David's Diary: Sunday, May 4, 2003
Passage to Siracusa, Sicily
We spent yesterday rushing around getting a few last minute things completed on the boat. We then did a professional photo shoot off Valletta for an upcoming article that I am writing for Pacific Yachting, a sailing magazine based in British Columbia, Canada. Today, we were up before dawn. As we motored out of harbour and passed Valletta the sun rose over the horizon lighting our way on a glassy smooth sea.
It's a long passage from Malta to Siracusa, Sicily and we share shifts as we make our way across the open water. Throughout our adventure we have used electronic charts with real time updates from our GPS receiver. This allows us to see an icon on the electronic chart that represents Dragonsinger. We can follow our track and see exactly how far off course we are. The children have found it easy to go below and look at the electronic chart, and then come up top and spot landmarks they had seen on the chart. The real time feedback is a benefit of modern technology and far different from what Karalee and I learned when we first began to sail. In case of emergencies, we still carry paper charts for all of the areas we are traveling in, but so far we have rarely had to use them.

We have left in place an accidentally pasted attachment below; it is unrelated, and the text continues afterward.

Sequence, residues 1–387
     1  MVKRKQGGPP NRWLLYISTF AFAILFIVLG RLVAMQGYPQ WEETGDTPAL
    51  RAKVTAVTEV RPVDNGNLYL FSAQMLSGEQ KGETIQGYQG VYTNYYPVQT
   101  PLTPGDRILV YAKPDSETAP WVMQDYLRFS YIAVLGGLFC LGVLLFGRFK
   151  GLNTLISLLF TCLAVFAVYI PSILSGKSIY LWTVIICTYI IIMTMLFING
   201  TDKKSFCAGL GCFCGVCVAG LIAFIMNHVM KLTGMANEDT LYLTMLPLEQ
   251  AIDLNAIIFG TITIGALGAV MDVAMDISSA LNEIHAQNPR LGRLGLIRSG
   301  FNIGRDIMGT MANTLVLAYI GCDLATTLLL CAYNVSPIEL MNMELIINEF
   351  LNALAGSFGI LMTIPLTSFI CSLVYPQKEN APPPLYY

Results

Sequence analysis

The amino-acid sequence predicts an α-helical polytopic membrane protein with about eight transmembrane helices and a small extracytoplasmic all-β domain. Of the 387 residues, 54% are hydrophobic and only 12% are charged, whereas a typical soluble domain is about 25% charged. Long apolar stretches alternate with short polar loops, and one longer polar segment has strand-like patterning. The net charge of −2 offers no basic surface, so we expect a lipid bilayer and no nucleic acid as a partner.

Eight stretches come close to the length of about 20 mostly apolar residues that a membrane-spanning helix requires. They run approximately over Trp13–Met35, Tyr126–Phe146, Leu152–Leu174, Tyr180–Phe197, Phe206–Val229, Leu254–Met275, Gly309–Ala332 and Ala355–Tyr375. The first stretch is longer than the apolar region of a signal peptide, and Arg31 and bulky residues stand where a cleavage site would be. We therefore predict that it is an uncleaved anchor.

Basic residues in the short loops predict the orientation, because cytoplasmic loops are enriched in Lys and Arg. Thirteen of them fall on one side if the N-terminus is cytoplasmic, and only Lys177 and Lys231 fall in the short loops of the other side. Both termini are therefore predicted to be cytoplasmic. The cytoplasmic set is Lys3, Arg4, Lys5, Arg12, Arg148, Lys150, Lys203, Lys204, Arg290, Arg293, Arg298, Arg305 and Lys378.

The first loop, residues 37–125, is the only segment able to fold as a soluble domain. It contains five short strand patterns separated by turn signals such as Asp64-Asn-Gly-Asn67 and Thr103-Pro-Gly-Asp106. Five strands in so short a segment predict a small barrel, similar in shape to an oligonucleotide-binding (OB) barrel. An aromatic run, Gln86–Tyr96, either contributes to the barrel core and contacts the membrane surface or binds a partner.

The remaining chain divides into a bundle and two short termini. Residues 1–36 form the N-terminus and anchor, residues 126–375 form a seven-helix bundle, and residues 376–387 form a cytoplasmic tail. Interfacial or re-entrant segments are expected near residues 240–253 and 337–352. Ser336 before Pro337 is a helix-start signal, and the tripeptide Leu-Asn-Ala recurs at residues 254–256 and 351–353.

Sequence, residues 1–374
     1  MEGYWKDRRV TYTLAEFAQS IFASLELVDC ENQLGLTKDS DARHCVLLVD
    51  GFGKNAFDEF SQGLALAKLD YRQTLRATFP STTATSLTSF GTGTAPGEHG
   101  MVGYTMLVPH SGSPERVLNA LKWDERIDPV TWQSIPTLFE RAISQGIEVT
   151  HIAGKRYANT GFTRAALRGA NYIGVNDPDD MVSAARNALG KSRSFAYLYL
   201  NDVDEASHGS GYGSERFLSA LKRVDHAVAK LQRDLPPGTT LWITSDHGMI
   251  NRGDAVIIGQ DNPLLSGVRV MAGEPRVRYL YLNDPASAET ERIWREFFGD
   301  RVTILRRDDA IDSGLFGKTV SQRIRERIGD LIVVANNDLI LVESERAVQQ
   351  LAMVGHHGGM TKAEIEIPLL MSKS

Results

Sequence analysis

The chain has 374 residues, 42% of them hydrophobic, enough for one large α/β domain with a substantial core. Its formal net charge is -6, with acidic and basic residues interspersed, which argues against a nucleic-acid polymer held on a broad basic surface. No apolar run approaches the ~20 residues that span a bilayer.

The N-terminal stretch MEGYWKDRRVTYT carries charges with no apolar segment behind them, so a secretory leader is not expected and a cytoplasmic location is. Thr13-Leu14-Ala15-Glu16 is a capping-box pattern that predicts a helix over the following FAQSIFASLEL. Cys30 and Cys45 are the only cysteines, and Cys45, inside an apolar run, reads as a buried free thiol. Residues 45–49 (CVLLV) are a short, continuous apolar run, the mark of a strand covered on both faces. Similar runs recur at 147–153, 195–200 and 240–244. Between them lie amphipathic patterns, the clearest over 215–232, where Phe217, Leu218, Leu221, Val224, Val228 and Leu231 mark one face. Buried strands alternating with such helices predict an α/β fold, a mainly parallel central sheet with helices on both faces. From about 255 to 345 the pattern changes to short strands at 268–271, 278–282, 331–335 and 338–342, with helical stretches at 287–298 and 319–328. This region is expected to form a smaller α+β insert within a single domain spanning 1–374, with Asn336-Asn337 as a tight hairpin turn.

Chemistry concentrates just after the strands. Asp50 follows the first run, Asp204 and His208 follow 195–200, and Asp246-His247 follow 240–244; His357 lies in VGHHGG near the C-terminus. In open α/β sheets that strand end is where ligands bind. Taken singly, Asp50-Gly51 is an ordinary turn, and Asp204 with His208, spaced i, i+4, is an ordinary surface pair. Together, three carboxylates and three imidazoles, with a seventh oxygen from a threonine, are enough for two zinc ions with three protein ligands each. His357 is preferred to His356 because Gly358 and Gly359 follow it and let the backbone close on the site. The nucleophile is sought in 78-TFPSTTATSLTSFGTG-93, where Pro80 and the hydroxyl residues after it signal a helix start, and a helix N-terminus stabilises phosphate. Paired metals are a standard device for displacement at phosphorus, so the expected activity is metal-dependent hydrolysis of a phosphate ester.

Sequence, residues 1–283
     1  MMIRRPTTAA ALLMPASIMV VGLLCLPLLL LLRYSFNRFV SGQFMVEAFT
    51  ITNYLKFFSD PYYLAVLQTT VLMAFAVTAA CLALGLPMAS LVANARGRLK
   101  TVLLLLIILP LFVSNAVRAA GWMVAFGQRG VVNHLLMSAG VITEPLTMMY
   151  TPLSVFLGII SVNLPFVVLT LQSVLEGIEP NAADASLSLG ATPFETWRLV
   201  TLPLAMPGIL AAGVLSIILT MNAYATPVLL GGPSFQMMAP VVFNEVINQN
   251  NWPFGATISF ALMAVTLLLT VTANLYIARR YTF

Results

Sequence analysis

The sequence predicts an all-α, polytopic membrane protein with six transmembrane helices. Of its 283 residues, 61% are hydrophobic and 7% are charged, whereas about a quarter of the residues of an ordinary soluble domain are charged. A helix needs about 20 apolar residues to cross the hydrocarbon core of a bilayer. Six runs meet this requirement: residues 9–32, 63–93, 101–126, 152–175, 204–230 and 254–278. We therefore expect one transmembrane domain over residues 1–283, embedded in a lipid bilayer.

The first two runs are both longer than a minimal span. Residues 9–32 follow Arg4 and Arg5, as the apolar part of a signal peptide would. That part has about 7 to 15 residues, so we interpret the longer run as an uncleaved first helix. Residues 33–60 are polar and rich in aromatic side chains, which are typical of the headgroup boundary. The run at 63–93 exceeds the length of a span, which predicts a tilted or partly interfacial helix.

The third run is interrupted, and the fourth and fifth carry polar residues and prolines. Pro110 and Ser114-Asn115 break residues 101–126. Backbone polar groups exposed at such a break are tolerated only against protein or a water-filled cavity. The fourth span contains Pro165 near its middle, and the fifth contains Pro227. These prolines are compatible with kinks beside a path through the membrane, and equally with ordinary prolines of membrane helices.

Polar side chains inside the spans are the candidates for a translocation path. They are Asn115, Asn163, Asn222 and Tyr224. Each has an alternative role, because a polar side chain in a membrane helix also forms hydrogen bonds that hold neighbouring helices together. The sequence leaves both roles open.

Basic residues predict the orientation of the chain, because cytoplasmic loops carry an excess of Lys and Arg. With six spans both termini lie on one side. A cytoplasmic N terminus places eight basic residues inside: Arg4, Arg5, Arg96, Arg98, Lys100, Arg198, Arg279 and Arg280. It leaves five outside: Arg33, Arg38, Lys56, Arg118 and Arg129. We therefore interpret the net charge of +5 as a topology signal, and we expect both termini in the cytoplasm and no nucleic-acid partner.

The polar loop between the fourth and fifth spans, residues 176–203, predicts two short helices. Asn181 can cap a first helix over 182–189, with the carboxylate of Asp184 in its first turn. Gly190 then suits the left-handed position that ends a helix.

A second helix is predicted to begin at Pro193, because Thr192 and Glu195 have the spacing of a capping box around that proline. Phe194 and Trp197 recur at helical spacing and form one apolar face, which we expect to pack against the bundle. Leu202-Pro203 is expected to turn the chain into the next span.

Allen Spotting Dolphins
On long passages we often see schools of dolphins. When they spot Dragonsinger they swim over and ride our bow wave and dive underneath the boat. The call of "dolphins" brings all of us to the bow where we enjoy their antics and stare amazed at how close their tails come to the bow of the boat.
Another favourite activity to pass the time is for one of the children to go up the mast in our bosun's chair. Jocelyn loves to swing far out over the side of the boat as she moves from side-to-side. Many happy hours have passed this way.
Tied Up in Siracusa
After a boring, but uneventful, passage we tie up in the inner harbour of Siracusa. We were here last October and we once again enjoy the picturesque setting. As the sun sets we prepare dinner before going out to explore the narrow streets of the old town. In the twenty-two months that we have been away, this is only the third or fourth time that we have returned to a place that we have already been to.